Fantasia Florists

The shop occupying the premises is now Fantasia Florists, a family firm headed by Shirley Ovington. Shirley is Newcastle born and bred. The family has been running florists for twenty five years including, in the past, two on Chillingham Road, in premises now occupied by the Pine Shop and Subway. Shirley bought the lease of 185 Shields Road from a photographer and thinks that the shop was once a bakers, as there are still cooling vents for the oven at the back of the shop. In the picture below, you can clearly see that the shop building is more modern than its neighbours.

Fantasiaflorists

Sources

Sources consulted for this article included:

Karl-Heinz Wüstner: New light on the German pork butchers in Britain (1850 – 1950), http://www.surrey.ac.uk/cronem/files/conf2009papers/Wuestner.pdf

Your turn

Perhaps more than anything, the story of 185 Shields Road shows that migration to the East End is by no means a new phenomenon. The population of Heaton in the mid 19th century numbered only a few hundred and so almost everyone who made it the bustling suburb it is now had origins outside the area – whether elsewhere in Newcastle or the North East or, as was often the case, much further afield.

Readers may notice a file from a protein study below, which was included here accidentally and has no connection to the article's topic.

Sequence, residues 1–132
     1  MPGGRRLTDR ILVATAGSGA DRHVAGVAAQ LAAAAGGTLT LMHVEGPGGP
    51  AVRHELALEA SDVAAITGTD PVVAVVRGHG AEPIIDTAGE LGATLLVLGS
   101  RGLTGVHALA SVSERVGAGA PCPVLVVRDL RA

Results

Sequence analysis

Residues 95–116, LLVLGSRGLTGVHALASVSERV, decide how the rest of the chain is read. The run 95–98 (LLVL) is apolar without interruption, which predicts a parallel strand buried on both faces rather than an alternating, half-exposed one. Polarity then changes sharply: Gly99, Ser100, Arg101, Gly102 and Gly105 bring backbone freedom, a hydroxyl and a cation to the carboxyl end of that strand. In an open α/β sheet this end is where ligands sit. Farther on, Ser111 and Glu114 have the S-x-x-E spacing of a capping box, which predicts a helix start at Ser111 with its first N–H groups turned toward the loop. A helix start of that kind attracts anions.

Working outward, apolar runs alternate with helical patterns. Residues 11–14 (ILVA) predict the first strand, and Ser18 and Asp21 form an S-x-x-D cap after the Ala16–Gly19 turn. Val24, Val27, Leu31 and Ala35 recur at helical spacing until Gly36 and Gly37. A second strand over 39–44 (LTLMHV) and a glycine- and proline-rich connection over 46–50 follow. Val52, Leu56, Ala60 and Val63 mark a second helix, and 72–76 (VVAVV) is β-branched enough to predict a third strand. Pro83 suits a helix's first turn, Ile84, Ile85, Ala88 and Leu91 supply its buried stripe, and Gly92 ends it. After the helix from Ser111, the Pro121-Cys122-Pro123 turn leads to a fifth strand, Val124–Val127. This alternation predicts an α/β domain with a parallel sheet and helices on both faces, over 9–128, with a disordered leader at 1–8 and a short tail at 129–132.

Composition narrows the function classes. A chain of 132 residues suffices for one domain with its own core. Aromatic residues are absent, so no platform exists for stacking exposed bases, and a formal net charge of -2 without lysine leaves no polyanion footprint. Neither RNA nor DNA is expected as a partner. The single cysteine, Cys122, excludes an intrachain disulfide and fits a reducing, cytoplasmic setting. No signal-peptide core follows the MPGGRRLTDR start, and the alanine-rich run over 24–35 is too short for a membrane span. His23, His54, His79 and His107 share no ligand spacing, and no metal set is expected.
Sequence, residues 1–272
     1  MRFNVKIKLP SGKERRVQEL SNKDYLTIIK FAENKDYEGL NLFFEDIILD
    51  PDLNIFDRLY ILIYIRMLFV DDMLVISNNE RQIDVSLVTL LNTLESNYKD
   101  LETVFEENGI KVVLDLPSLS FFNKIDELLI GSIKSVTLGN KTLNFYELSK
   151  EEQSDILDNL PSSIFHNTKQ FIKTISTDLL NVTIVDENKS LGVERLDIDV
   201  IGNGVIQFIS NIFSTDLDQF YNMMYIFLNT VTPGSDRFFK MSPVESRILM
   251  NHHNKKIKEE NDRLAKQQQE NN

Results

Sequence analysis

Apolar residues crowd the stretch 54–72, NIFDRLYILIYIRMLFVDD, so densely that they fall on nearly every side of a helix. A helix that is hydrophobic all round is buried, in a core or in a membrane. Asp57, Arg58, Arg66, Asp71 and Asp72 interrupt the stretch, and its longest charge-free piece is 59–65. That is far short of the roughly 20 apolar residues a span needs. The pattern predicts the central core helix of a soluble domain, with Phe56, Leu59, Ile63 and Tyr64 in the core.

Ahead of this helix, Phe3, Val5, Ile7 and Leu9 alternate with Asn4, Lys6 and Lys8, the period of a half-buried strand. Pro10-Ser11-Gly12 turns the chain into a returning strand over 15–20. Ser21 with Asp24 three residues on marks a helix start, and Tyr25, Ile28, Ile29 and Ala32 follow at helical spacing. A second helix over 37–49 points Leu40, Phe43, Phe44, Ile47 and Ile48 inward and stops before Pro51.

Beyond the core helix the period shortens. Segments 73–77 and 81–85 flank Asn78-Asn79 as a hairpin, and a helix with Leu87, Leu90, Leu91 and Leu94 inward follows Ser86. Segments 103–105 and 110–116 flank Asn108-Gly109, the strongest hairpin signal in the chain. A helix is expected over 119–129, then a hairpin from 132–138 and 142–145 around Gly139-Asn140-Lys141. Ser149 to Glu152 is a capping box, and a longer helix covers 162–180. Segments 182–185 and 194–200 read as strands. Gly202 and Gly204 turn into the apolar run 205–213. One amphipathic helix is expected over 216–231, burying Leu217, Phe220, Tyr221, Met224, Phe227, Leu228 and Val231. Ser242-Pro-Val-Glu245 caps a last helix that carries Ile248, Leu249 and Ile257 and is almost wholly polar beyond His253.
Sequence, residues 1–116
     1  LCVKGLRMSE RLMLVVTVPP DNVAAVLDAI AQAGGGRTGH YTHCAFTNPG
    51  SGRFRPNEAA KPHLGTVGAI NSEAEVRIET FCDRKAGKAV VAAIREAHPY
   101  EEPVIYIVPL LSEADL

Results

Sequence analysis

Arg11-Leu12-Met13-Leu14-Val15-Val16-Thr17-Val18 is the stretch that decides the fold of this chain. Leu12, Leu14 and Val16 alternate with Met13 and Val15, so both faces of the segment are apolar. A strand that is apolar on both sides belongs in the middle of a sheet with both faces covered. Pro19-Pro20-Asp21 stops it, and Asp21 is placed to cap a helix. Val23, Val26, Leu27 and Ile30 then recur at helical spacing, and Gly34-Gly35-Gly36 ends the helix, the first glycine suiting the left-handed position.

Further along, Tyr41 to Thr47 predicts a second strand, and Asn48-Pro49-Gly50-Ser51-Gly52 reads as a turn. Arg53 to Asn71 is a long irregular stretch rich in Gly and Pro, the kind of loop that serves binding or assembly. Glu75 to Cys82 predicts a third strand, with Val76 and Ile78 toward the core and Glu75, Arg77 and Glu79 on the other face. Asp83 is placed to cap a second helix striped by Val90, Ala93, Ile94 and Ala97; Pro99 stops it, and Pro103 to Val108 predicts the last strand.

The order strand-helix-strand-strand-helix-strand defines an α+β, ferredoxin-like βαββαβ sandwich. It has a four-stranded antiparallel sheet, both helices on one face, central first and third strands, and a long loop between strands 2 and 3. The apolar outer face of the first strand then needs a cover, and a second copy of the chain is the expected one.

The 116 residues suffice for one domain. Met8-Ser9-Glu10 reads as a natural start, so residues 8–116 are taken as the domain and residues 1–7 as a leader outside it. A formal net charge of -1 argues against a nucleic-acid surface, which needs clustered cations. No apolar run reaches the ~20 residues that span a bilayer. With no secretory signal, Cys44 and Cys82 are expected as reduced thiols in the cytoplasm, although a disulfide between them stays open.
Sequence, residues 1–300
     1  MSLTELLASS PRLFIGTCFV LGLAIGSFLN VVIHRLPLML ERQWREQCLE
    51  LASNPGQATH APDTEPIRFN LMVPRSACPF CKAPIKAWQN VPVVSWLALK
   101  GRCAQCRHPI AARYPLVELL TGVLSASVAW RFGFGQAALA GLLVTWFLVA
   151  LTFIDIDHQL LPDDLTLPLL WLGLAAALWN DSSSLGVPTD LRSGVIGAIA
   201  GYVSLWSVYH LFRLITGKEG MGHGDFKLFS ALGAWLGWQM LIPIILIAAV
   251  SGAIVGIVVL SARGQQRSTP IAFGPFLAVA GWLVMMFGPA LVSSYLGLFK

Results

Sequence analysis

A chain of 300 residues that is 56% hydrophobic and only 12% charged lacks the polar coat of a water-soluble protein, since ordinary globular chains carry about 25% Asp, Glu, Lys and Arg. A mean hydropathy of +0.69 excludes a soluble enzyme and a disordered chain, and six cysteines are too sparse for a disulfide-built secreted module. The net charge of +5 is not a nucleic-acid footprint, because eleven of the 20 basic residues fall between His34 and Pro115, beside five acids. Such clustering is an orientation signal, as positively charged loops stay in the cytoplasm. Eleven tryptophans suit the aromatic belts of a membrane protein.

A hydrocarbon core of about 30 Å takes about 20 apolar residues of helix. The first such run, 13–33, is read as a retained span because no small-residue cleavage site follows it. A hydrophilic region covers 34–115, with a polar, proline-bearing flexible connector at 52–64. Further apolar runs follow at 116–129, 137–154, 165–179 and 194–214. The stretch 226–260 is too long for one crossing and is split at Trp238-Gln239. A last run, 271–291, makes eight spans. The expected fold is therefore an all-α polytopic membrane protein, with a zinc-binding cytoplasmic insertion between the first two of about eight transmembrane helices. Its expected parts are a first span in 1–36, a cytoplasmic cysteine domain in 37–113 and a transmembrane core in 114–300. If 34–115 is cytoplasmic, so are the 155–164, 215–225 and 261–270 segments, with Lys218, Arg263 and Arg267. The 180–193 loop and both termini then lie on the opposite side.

And this is where we need your help. Can you add to the information here? Do you remember Home Comforts, a bakery or the photographer’s or any other shop there’s been on the site? Do you have any memories or photos of Heaton shops that you’d like to share? If so, we’d love to hear from you. Contact chris.jackson@heatonhistorygroup.org or leave a comment here.

2 thoughts on “185 Shields Road

  1. Caroline Brown

    I just have some information about 193 Shields Road, I have come across some letters and old invoices and 193 Shields Road belonged to Chas H Brown, Wholesale and retail Grocer and provisions merchant, my great grandfather. We as a family still own 195 and 197 Shields Road, so I was surprised to find these letters etc sent to 193 Shields Road, maybe as you have said elsewhere the numbers have been changed. I have been told that there is also a shop on Heaton Road, I think which has a mosaic pattern in the entrance with a “B” on it, and I have been told that that is something to do with the Brown family too. Charles H Brown was married to Kate Harmer Copeman and had 5 sons and a daughter, and according to 1891 census lived at 4 Heaton Road. They came up here from Norfolk. This is all I have been able to find out at the moment.

    Reply
    1. oldheaton Post author

      Hi Caroline, Thank you for posting this information. Will keep an eye open for any further mentions of your family – and will look out for that B!

      Reply